Frog in the cockpit
A couple of days later, as we were traveling near Hobucken, NC, we were approached by two Navy Rigid Inflatable Boats (RIBS). No, they weren’t chasing us, just traveling in the same direction as we were traveling on the ICW.
Ferry transporting a pickup truck
As it turns out, lightning struck close to my home and damaged several items, so I had to end my cruise sooner than expected, living and cruising aboard Kelly IV from April 27 through September 5. I spent 18 weeks aboard, instead of 21 weeks, as planned. We rented a car on Sept 5 (Labor Day weekend), Murph and I drove to Titusville, then Murph drove the rental car back to the boat at Wrightsville Beach, NC on Sept 7. As luck would have it, the switch on the boat engine also broke on Sept 4. After returning to the boat, Murph was able to buy a switch on Sept 8 and replace the switch on the boat. He brought the boat back to Titusville alone, and arrived on Sept 21.
WHAT A WONDERFUL ADVENTURE!!!!
Last Updated ( Sunday, 20 March 2016 13:11 )
Pat, Fred, and Bee joined Karen and I aboard Kelly IV for a beautiful day sailing on the Chesapeake Bay. We sailed out to the Annapoils Bay Bridge, saw hundreds of differnt boats and ships including racing sailboats, freighters and the beautiful Woodwind schooner. It was a terrific day to be out on the water and Karen's friends made it a terrific blast and totally wonderful.
Last Updated ( Sunday, 20 March 2016 13:09 )
Mark, Karen's brother from NYC signed on as crew aboard Kelly IV and we soon departed for a brief sail around the mouth of the Severn River. Mark took the helm and sailed us by a green nav aid with several cormorants sunning themselves on marker "1E". After a beautiful evening walking around St. Michael's we retired aboard Kelly IV, again at Higgins Yacht Yard. The next day we sailed back to Annapolis and enjoyed our role as race fans observing the kids tacking their Optimists around the Severn River race course. That evening as we pulled into Horn Point Marina, we caught both Woodwind schooners (I and II) as they crisscrossed the Bay filled with passengers for their sunset cruise. On Mark's last day aboard we sailed to and from Kent Island catching the small 420s of the Annaoplis Yacht Club as they raced just a couple hundred yards away from Kelly IV. Karen's camera caught the fleet as one of them capsized and was rescued by their chase boat.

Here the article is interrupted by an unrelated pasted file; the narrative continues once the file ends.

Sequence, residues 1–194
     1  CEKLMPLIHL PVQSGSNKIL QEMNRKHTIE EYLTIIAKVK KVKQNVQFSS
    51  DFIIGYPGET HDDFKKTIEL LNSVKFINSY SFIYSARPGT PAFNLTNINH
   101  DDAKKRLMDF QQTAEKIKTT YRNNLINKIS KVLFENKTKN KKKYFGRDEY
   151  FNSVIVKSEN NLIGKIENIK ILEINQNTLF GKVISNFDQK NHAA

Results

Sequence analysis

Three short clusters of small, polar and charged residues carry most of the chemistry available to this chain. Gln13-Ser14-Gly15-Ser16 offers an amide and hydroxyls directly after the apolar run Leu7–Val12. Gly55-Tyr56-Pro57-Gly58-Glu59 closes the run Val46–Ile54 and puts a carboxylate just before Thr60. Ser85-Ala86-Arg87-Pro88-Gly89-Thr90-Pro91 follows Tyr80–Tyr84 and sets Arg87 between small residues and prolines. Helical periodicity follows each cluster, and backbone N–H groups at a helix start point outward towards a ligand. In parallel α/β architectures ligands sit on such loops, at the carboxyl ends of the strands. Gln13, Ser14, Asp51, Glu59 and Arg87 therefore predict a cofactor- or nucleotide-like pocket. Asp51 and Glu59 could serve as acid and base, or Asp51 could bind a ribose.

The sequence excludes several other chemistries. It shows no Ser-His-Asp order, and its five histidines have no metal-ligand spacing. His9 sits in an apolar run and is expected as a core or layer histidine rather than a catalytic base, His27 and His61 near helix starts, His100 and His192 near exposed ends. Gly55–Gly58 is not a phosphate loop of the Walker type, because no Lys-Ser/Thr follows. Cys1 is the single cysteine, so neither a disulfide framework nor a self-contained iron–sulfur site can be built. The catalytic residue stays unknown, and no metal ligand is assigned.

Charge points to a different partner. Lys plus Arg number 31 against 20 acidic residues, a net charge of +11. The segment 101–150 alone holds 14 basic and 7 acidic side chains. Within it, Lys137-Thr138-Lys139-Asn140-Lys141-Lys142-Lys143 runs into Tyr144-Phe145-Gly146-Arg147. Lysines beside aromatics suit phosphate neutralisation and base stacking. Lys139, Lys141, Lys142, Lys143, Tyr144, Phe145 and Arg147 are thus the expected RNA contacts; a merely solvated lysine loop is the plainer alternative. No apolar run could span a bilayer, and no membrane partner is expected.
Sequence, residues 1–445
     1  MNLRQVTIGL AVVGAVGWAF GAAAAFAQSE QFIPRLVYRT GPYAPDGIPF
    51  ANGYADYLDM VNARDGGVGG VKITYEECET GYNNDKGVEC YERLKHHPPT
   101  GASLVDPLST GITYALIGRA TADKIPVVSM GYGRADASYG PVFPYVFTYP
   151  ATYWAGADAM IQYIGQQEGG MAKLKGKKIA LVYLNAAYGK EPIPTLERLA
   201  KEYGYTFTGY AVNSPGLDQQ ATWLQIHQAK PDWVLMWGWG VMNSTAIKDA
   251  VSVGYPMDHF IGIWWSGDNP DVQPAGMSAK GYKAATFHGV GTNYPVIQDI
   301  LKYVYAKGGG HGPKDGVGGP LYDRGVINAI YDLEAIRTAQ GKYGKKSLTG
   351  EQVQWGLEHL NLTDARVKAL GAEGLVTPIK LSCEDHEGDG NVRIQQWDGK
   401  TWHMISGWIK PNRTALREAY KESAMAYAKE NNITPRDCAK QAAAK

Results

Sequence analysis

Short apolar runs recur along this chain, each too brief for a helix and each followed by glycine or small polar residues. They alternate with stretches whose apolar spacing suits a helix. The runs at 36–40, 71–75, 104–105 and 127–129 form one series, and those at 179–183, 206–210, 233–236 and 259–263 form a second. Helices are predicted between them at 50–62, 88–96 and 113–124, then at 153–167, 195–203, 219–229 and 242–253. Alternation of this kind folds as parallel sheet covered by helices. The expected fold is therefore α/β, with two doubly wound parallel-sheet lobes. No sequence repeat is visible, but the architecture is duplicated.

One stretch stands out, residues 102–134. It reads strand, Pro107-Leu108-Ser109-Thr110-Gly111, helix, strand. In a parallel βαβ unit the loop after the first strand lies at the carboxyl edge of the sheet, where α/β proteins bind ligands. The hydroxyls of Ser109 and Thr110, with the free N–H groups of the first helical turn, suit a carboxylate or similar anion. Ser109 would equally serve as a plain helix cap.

The capsize may have been predictive as a few days later Karen and I accepted an invitation from our marina neighbor, Carey, to watch the famous log canoes race in the Choptank River off Oxford, MD. Carey is a senior crtew member of Edmee, the log canoe owned and raced by the Chesapeake Bay Maritime Museum of St. Michael's, MD. As it turns out, they were short a crew member and invited me along to serve as crew and ballast. Yes, ballast, as there is nothing to keep the wind from capsizing these slender, wooden racers except the weight of the crew suspended over the water on boards extending about 15 feet beyond the gunwales on the windward side. Despite our helmsman, skipper and crew's best efforts, Edmee succumbed to an unexpected gust at the leeward mark as we were gybing from a starboard reach onto a port tack back to windward. She slowly lifted us on our boards as we scrambled to keep her level, but as one of our boards was caught on the leeward side and dragged in the water, it was more than enough to drag Edmee onto her side and we capsized, dumping sails, boards, crew and worst of all, beer, into the warm Choptank water.
Once I clawed my way out from under the mainsail and sucked in a big gulp of fresh air, I was able to help scavange the drifting beer cans and save them for our consumption as we awaited help from our chase boat to lower the sails, step the masts, bail water from the hull, refloat the log canoe and tie her alongside for the infamous tow back to calm waters. Once we returned to the protected waters of the creek, we restepped the masts so Edmee would be ready to race the next day.
Last Updated ( Sunday, 20 March 2016 13:08 )